Tkinter updates - Easiest way to install/use Tile?
ggpolo at gmail.com
Fri Aug 15 00:01:29 CEST 2008
On Thu, Aug 14, 2008 at 12:05 PM, Guilherme Polo <ggpolo at gmail.com> wrote:
> On Wed, Aug 13, 2008 at 2:10 PM, Mudcat <mnations at gmail.com> wrote:
>> So I haven't programmed much in Python the past couple of years and
>> have been catching up the last few days by reading the boards. I'll be
>> making commercial Python applications again and wanted to see what's
>> new in the Gui department.
>> I started using Tkinter several years ago and have a lot of stuff
>> written in it. As a result, it's hard to switch to another interface
>> (wxPython, PyQt, etc) with all the hours it would take to reproduce
>> code I will re-use. (I mention this to avoid the inevitable post
>> asking why I'm still using it). While I was able to produce some nice
>> applications in the past and am comfortable with the functionality I
>> was able to achieve I still wanted to find a way to improve the look
>> since the old look is even more dated now.
>> I was reading about Tile, and it sounds like I should be able to wrap
>> a style around my current code to give it a different look. However it
>> doesn't sound like it's quite ready for prime time yet. I downloaded
>> the latest stable version of Python 2.5 which apparently still uses
>> Tcl 8.4. So my options at this point appear to be:
>> 1) Download beta version of Python 2.6 which has Tcl 8.5.
>> Tile is supposed to be included with Tcl 8.5, but there's not much
>> information on how to use it with older code. Do I still need wrapper
>> code, or if I install 2.6 will it be available already.
>> 2) Install Tcl 8.5 to use with Python 2.5.
>> How do you do this? In other posts it mentions recompiling source tcl
>> code with Python. If that's the case it doesn't sound like something I
>> want to mess with. If I stray too far from default configurations I
>> start to have problems with py2exe.
>> 3) Install Tile with Python 2.5 and Tcl 8.4 and use wrapper code to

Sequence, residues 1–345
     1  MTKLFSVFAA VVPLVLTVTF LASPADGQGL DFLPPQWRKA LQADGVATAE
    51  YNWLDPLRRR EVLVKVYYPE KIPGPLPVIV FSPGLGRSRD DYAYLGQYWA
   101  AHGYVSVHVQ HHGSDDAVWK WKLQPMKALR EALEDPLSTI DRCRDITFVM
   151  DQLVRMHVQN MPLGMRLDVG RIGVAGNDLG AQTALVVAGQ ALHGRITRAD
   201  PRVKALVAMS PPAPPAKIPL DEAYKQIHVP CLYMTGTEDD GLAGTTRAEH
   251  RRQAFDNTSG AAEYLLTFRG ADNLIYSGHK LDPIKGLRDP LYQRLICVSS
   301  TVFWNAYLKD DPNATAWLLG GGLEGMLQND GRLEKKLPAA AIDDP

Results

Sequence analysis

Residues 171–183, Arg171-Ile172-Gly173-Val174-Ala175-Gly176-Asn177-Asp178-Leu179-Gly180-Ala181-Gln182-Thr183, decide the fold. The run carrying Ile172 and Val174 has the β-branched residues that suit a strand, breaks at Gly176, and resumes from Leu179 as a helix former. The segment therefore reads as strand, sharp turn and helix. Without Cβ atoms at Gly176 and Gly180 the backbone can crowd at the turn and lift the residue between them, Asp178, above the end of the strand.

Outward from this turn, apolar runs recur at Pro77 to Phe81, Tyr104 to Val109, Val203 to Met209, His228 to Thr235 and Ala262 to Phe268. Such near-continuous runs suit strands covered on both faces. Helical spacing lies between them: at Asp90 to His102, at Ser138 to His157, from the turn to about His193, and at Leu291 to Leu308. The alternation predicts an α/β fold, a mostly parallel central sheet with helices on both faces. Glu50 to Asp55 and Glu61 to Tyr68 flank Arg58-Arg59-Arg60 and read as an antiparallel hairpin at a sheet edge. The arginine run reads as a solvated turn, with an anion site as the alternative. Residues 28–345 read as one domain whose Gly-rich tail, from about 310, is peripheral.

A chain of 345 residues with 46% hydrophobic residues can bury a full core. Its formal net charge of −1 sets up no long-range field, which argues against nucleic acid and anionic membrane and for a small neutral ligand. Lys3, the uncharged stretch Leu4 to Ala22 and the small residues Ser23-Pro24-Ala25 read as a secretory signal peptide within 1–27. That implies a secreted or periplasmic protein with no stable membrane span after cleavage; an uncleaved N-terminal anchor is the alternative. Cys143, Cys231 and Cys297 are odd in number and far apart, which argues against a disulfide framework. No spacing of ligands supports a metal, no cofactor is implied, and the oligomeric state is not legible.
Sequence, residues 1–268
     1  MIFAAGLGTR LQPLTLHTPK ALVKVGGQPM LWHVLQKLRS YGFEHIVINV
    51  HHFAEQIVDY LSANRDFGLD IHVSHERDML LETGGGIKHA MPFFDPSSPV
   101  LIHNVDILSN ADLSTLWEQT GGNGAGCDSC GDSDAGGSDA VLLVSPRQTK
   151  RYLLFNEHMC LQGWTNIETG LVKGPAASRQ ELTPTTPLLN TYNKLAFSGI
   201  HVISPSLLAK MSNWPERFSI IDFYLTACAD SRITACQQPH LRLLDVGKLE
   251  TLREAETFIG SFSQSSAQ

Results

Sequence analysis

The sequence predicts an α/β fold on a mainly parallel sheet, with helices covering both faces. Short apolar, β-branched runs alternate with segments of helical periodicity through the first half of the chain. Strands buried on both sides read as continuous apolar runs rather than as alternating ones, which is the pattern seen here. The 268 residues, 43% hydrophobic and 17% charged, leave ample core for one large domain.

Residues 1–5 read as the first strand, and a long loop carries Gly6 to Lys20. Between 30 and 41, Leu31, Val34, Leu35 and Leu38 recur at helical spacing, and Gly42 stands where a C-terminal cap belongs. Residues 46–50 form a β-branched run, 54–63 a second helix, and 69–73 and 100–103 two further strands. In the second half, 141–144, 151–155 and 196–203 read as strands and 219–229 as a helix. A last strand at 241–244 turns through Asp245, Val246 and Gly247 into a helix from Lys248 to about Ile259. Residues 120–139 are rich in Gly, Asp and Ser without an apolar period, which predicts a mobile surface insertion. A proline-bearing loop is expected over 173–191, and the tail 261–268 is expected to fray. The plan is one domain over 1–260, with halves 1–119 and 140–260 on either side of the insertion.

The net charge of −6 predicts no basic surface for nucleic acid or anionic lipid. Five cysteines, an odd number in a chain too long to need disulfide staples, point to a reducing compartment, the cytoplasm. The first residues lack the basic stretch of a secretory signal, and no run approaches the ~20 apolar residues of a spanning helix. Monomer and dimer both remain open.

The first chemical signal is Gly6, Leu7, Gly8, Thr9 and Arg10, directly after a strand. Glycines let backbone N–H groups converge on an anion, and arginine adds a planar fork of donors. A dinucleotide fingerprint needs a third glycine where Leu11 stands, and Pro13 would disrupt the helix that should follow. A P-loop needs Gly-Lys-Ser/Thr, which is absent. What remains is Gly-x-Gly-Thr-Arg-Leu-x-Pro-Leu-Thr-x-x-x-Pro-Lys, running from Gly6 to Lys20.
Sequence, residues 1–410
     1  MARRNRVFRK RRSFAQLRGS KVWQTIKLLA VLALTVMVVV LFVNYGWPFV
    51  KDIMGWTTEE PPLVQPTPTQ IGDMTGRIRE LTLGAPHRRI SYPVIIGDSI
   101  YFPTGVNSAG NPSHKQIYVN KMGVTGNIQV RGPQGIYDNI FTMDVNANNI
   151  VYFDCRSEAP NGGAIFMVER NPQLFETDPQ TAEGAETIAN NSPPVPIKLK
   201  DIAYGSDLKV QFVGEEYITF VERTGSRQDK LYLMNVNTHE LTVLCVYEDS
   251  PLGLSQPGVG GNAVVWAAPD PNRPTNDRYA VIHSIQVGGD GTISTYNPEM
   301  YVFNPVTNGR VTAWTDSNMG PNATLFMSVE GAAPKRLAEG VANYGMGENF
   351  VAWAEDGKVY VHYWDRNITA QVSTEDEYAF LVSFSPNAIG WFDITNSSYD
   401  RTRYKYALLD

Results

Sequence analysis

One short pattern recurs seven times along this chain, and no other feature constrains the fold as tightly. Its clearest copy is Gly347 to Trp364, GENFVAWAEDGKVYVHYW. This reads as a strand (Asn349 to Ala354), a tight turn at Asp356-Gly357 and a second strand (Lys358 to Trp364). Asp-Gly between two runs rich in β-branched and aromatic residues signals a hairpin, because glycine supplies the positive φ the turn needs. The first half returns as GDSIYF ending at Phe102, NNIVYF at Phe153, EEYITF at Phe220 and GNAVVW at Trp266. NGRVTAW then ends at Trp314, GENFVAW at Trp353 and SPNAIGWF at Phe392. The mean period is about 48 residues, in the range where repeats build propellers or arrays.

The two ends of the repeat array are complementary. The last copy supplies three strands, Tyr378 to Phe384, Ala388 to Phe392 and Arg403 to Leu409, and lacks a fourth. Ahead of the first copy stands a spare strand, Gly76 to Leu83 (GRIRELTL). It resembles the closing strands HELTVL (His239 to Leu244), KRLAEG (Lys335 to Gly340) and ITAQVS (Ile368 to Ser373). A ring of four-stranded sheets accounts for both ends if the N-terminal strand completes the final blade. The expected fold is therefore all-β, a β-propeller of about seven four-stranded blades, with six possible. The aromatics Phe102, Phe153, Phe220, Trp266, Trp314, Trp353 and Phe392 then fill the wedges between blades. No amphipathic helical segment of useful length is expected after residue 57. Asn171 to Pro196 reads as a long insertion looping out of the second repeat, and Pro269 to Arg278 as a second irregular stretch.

>> make it work.
>> However all the posts concerning this approach assume that Tile is
>> already installed. I downloaded the code for the latest version of
>> Tile which was a .kit extension. This also may need to be compiled,
>> and if that's the case I again start to have problems with freezing my
> The other points were answered already, so let me give some more
> insight on this last one.
> For Windows there is a .zip you can download (following the links at
> http://tktable.sourceforge.net/tile/) which requires no installation,
> just unpacking. For Linux there is a package named tk-tile in Ubuntu.
> In case you are using Windows, just unpacking the .zip doesn't
> guarantee that Tk will find the tile package (unless you unpack at
> whatever places Tk looks by default). If Tk doesn't find it, you need
> to set the TILE_LIBRARY environment variable to whatever place tile
> was unzipped to. I'm assuming you will be using the previously
> mentioned ttk wrapper, which will look at TILE_LIBRARY, if necessary,
> to load tile.
I have put this and some other info at
>> What's the easiest way to do this? I really couldn't find a place that
>> gave instructions for any of the current release configurations. It
>> sounds if it's available already in Python 2.6 that it would be the
>> easiest way, but I couldn't find any threads talking about the
>> availability of it for that release yet.
-- Guilherme H. Polo Goncalves
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